“Beef is the largest driver of global deforestation. The most obvious way to reduce deforestation, then, is to eat less of it. Raising cattle is a very resource-intensive way to make food. Cows need a lot of food, water, emit a lot of greenhouse gases and need a lot of land.”
I see a lot of cows in Alabama. We have approximately one cow for every three people here. Beef production is a multimillion dollar industry for our state. You’ll find cows in all 67 of our counties.
But while these cows do produce tasty food for us (I do love a tender steak!), they require far more food than they give. Ritchie says that, “For every 100 calories we feed a cow, we get just 3 calories of meat back in return; 97 calories are effectively wasted.”
And they take up for more land than forests. About three-quarters of the world’s land (not including deserts or land covered in ice) is “used for raising livestock—either land for grazing or for growing crops to feed it. . . . We put a lot of resources into livestock, but the returns are not great.” I didn’t know.
As a comparison, Ritchie asks,
“Can you imagine buying a loaf of bread, cutting a slice, and throwing the rest—more than 90% of it—in the bin? When it comes to calories, that’s pretty much what we’re doing with meat.”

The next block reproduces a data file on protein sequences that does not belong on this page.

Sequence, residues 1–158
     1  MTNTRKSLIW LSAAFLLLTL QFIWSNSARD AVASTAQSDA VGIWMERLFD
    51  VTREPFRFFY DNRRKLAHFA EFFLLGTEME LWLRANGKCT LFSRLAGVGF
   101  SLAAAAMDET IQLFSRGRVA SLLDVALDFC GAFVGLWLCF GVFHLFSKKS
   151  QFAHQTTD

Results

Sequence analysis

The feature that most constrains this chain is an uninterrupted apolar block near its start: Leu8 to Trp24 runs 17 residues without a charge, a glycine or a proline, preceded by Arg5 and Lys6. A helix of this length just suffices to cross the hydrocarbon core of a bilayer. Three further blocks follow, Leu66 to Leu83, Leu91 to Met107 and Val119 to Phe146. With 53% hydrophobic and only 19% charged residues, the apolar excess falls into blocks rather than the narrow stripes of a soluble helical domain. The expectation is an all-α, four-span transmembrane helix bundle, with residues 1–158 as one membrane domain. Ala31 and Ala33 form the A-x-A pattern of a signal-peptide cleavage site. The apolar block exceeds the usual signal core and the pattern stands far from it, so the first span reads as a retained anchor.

She’s not suggesting we eliminate meat entirely from our diets (although that’s not an impossible idea either, as many global citizens prove daily). But finding and implementing the best policies for producing, transporting, distributing, and storing our food (including meat) is more critical than ever.
An Optimistic Book
Not the End of the World is about far, far more than just burgers and land, though. Ritchie also writes very plainly (yet also very data-driven) about air pollution, biodiversity loss, ocean plastics, overfishing, etc.
And surprisingly, she’s not pessimistic. She sees a lot of reasons for hope because she’s seen a lot of changes that the world is already making as we grapple with our climate crisis.
We just need to make the most effective changes the quickest before it’s too late. Together we can do this.
And plastic drinking straws? While Ritchie isn’t an advocate for them, naturally, she doesn’t think plastic straws make much of a difference in the grand scheme of things. In rich countries like the U.S., the odds are very, very small that my plastic straw will end up in the ocean. It will probably end up in a landfill (which is another topic in the book).
So instead of foregoing the plastic straw—and for the record, I’d rather have no straw than a paper straw, ugh—perhaps I should more often forego the burger. My cholesterol would also appreciate it. (I’ll address my bacon consumption another day.)
I didn’t tell you enough about this book; there are so many treasures in it. I learned SO much from it. I knew this would be hard. I highly recommend you read it yourself.
Share your thoughts in the comments.
My thanks to NetGalley + Little, Brown and Company
for the review copy of This Is Not the End of the World